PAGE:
Points of Information

By: Alex Alifimoff, Stanford University 2015

Points of Information (often called POIs) in American Parliamentary Debate often seem supplementary, so they go unconsidered by the average novice debater. Yet, they’re actually one of the most important ways to remain in the debate when you aren’t speaking, and should never be taken lightly. This article won’t cover the best ways and places to ask questions, but will concentrate mainly on how and when one should respond to POIs.

What is a POI? When should it be used?

A Point of Information is basically a question (or statement) that is offered by a debater on the non-speaking team during her opponent’s speech. In more recent years, APDA has moved to using POIs almost completely for questions instead of making statements that clarify your own position. I would highly recommend that all novice debaters use their POIs for questions only.

Points of Information can be taken during any of the four member speeches (the first four speeches in the round) and cannot be offered during the two closing speeches (rebuttals). POIs can not be offered during the first and final minute of any speech.

How many POIs should I answer during each speech?

The average debater tends to take one to two Points of Information per speech. After several tournaments, you should have a relatively good idea of how long each speech will take you to complete before you give it. Try to estimate how many Points of Information you will need before you give your speech. It’s probably wise to not give more than three. If you are answering more than three points of information per speech, your speech should probably be longer.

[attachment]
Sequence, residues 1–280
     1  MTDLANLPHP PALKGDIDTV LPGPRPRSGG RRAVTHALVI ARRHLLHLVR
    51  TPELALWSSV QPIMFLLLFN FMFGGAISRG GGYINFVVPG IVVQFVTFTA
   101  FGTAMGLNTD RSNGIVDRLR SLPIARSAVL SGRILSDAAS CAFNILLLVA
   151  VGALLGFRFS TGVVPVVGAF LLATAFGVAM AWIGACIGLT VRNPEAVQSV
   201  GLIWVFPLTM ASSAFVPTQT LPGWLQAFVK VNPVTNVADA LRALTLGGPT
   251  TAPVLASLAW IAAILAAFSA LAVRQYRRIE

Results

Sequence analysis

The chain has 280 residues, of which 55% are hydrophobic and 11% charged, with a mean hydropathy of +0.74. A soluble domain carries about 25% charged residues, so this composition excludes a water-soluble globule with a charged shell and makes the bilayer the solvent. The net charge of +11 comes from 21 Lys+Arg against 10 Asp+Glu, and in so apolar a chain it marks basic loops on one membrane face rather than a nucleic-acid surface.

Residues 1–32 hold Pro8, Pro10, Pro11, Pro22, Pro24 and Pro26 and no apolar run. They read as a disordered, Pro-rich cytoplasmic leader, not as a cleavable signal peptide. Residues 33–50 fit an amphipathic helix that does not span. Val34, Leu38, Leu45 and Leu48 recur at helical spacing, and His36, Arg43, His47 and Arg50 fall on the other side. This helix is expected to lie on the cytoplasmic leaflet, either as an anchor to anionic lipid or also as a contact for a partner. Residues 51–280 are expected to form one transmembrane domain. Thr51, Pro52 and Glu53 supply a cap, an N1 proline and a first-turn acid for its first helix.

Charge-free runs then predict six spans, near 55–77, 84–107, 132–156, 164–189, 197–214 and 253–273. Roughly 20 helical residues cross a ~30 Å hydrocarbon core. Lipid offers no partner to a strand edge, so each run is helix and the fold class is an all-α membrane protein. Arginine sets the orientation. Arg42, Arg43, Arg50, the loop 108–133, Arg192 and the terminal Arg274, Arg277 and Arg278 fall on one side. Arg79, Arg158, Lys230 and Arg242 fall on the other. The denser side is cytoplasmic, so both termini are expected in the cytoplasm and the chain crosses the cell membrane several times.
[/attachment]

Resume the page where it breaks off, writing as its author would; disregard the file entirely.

How do I not take a point of information?

When a debater stands up to ask a POI, you can just wave them down (literally, just make a waving gesture towards the ground), or you can verbally tell them that you won’t be taking them at this time. This is all really personal choice, but try to pick a mechanism that doesn’t interrupt the flow of your speech (waving often works best!)

When should I take a Point of Information?

Debaters tend to ask POIs about recent parts of your speech. This means that you should never take a POI during a period in which you are unsure about the content of your speech! Only take POIs when you are very sure about the advocacy you are currently discussing in the speech!

Instead, try to take POIs at natural breaks during your speech, whether that is between points or during your switch from on-case to off-case. Many debaters tend to take one POI during the on-case and another during the off-case, but the decision about specifically when to take POIs is really personal choice.

How do I deal with POIs that I can’t answer?

Every debater eventually encounters that “uh oh” moment when he gets asked a question that he cannot answer. There are plenty of strategies for dealing with questions that you can’t easily answer, mostly dependent upon the type of question asked. If the question forces you to admit that there are unfavorable consequences of your advocacy, you might compare those unfavorable consequences to the positive consequences, or you might admit that the unfavorable consequences only exist in extremely specific circumstances. If someone asks you a hypothetical that uses your advocacy’s logic to arrive at an unfavorable position, simply point out that the question isn’t applicable to the issue at hand. You will likely learn specific strategies, but the best general strategy is to remain confident in your advocacy and calmly explain the shortcomings of the question. Don’t get flustered! Often, especially in front of less experienced judges, a good POI is far more damning because of the way a debater goes about answering it, instead of because the POI was answered incorrectly.

Hopefully these tips have helped you understand how you should deal with POIs when they come up during your speeches. Stay tuned for more articles from your Novice Mentor team!

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